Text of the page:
Theodore Phillips: Can tell us a little bit about that job? It was kind of unique in radiation physics, the job at Memorial, because it was a separate department. Could you tell us about that?

C. Clifton Ling: Yes. The first person who interviewed me at MSK was Sam Hellman, who was physician-in-chief at the time, shortly before he became Dean of the Medical School at the University of Chicago. I do not recall much from that interview except that he told me that “this is the best medical physics job in the whole world”. This is in part because medical physics is an independent department which makes it rather unique. The chair of medical physics reports directly to the physician-in-chief, the chief medical officer, in the same reporting role as the chairs of radiation oncology and radiology. In terms of clinical support, medical physics provides services to both radiation oncology and radiology, which include MRI, diagnostic radiology and nuclear medicine. The department also provides center-wide support in radiation safety and biomedical engineering.

When I first came to Memorial, the number of people in the physics department probably was 110 or 120, which is a sizable operation. Organizationally, it is very different from other institutions. MD Anderson had a similar organization some time ago; but when Bob Shalek retired, they changed the structure so that the radiation oncology physics would report through radiation oncology and the radiological physics through the radiology departments, respectively.  

Kenneth Cashon: All right. So just to transition into the current and start getting out of the history part of this, I’m kind of curious about your thoughts on -- well, I guess it’s still some history. But what do you think as far as developments in radiation oncology and what you’ve done during your career? I think of 3D calculations, 3D therapy, and I think of IMRT. What do you think are some of the more significant developments in radiation oncology that you specifically might have played a role in developing, I guess?

C. Clifton Ling: Well, I witnessed a number of development that transformed radiation oncology practice over the last 4 decades. One important development was imaging. The development of CT (and subsequently MRI and PET) was very important for modern radiotherapy, and crucial to 3DCRT. Another significant facilitator is the computer, and the increase in computation power. When I came into the field, treatment planning was basically done by hand. MGH then purchased an Artronix PC12 computer. But still the patient’s contour was acquired using lead wires, and the structures were guess-timated from radiographs by the physicians, and then the computer did dose distribution calculation.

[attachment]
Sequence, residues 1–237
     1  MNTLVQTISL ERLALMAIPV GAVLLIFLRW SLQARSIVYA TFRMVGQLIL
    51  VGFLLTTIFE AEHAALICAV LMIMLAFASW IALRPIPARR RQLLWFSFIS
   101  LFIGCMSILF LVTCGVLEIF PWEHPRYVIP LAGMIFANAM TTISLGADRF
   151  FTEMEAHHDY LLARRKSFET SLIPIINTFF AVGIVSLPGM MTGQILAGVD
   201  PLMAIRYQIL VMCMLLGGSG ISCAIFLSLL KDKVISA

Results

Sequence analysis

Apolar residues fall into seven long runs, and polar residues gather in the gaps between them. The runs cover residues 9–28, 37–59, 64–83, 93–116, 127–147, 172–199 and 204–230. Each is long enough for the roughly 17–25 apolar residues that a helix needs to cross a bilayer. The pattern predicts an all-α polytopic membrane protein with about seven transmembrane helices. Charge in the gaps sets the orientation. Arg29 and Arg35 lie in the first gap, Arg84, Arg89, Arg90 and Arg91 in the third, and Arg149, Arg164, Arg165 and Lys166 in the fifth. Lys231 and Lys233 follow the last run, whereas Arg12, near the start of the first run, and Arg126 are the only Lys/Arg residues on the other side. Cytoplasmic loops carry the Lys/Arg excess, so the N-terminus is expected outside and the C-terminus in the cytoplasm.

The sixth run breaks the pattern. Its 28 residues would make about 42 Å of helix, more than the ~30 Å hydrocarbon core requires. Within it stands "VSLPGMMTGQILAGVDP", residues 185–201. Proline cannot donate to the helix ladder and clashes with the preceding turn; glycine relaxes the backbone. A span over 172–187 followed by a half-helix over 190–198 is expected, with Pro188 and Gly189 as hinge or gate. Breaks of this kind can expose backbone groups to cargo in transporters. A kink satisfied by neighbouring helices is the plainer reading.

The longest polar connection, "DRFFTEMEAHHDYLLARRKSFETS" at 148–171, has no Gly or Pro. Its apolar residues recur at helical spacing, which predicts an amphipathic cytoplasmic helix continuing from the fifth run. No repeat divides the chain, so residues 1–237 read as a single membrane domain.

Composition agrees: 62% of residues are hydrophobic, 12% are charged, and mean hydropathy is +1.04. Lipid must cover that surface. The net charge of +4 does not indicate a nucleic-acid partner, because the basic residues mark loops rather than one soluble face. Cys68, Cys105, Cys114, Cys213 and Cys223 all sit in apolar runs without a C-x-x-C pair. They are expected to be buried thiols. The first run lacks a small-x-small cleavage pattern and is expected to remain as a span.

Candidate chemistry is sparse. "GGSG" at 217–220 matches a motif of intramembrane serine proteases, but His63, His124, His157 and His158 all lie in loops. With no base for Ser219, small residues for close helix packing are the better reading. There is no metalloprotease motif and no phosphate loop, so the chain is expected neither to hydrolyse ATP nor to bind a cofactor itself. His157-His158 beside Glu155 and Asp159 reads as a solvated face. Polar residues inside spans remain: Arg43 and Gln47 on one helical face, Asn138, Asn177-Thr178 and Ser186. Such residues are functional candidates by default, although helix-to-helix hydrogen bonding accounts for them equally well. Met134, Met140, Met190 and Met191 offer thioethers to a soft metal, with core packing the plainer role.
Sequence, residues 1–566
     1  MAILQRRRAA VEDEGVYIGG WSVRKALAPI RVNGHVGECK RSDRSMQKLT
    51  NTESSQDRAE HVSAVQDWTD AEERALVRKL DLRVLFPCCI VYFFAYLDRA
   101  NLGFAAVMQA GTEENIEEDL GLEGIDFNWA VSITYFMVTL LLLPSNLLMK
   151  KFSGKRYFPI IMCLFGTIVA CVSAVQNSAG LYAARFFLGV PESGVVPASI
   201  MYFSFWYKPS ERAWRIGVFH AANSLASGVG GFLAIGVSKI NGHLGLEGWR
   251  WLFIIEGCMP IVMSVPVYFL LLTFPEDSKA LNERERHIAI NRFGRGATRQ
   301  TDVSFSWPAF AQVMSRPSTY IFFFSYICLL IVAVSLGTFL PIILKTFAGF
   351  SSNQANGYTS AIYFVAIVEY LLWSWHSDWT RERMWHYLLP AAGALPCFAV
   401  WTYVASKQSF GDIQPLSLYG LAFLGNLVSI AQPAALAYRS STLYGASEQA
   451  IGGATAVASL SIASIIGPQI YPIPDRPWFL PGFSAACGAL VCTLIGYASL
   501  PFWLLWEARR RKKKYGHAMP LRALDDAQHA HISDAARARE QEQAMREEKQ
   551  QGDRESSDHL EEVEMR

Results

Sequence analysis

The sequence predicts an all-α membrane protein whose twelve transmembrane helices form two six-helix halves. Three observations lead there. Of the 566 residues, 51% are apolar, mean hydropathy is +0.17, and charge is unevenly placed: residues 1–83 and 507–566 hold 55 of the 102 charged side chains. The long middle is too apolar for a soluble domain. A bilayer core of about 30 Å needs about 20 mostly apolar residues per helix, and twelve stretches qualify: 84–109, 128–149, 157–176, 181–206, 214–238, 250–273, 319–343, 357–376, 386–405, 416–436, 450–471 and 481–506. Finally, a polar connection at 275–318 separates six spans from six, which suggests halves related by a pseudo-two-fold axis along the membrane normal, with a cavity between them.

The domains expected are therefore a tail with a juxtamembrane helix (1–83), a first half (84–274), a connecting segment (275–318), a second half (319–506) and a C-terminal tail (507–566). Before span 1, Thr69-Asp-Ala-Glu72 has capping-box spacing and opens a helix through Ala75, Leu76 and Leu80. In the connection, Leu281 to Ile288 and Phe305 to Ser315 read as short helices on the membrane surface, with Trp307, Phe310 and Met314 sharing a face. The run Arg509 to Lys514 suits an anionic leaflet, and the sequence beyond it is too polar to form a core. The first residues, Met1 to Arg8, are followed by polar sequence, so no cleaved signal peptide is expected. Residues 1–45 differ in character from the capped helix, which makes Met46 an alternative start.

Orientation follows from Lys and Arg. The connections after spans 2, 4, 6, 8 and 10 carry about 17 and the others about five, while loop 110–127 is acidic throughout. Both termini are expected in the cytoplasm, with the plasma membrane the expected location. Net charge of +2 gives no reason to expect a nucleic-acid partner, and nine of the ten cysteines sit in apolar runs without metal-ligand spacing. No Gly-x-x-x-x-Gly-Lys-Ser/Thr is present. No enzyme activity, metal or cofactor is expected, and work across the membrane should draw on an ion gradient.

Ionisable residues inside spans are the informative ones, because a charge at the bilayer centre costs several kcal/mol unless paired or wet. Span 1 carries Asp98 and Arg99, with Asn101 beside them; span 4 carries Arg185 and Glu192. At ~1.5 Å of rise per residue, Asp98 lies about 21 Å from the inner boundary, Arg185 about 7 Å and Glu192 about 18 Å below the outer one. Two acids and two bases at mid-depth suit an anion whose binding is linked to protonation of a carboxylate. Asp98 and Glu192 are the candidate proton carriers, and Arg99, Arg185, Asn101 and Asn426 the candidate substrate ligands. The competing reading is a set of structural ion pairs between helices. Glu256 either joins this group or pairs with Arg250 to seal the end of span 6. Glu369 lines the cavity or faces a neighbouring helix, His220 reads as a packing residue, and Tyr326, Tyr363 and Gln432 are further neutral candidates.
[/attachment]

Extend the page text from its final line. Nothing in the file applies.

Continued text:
So, Ted, you would remember when I came to San Francisco we were beginning the 3DCRT era. UCSF had its own system, and eventually I believe UCSF purchased the UM plan developed at the University of Michigan.

Theodore Phillips: Correct.

C. Clifton Ling: When I came to Memorial, Memorial has its own treatment planning system. Radhe Mohan was the chief of the computer service in charge of developing a 3DCRT treatment planning system, which was a very important development. After that, the multi-leaf collimators became available, which I think people cannot do without today. Right?

Kenneth Cashon: Yes.

C. Clifton Ling: So when I came to Memorial there was no multileaf collimator. There was some manually operated multi-leaf collimators in Japan, and Scandatronics in Sweden was developing the first commercial multi-leaf collimator. We were trying to convince Varian to develop multi-leaf collimators. Initially unwilling, they eventually produced a computer-controlled multi-leaf collimator system. Several years later, EPID, which stands for electronic portal imager, arrived on the scene, replacing portal films. And finally, we have kV imagers that were mounted on the gantry to generate cone-beam CT images.